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The book Sybil and the subsequent 1976 movie in which Sally Field portrayed a girl with more than a dozen different personalities were the result of a collaboration between psychiatrist Cornelia Wilbur and author Flora Rheta Schreiber. The goal was to have people better understand a child abuse victim who developed alternative personalities as a coping mechanism.
While the book and movie raised the profile of what is now known as dissociative identity disorder (DID), they also created some significant misconceptions.
“Do people come into my office and switch personalities in a dramatic way, with different voices. Does their makeup suddenly change? No,” said Milissa Kaufman, MD, PhD, about the character Sybil. “It may feel like that to them internally, but there’s no dramatic thing that happens.”
Kaufman, director of the Dissociative Disorders and Trauma Research Program at McLean Hospital and medical director of McLean’s Hill Center for Women, said patients with DID, a form of post-traumatic stress disorder (PTSD), often carry on very normal, high-functioning lives. She pointed to Robert Oxnam, a China scholar and president emeritus of The Asia Society, who shared his life story in the 2005 book A Fractured Mind: My Life With Multiple Personality Disorder.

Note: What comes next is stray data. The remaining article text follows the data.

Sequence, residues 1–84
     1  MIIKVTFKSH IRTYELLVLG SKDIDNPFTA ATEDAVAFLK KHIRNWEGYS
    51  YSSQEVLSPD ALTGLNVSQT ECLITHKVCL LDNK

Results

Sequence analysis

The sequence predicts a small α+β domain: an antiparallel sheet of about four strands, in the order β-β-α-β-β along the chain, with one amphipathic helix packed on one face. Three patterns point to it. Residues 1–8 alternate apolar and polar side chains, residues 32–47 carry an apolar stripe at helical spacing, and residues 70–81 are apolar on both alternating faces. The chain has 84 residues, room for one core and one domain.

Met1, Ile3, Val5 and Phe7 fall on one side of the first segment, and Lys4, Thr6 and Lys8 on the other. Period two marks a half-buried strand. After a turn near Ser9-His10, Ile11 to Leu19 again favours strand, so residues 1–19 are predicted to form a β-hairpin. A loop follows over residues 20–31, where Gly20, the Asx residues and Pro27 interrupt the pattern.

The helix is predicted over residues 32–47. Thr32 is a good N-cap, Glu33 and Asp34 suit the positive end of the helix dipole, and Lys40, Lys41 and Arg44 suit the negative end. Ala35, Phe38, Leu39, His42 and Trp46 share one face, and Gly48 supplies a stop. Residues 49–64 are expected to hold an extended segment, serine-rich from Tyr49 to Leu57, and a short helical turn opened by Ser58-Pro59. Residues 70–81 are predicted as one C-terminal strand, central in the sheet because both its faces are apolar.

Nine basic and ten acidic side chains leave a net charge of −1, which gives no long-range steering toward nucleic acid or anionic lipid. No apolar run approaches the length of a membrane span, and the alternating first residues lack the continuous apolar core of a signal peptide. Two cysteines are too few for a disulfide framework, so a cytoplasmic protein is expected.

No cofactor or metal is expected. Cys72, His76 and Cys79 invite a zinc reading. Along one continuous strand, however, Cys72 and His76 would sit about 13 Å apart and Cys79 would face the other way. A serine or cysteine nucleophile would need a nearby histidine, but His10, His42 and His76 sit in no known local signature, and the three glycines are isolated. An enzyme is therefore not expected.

That is because DID is a coping mechanism, usually brought on by childhood abuse, and is a kind of ingenious, unconscious way of displacing situations onto other aspects of themselves.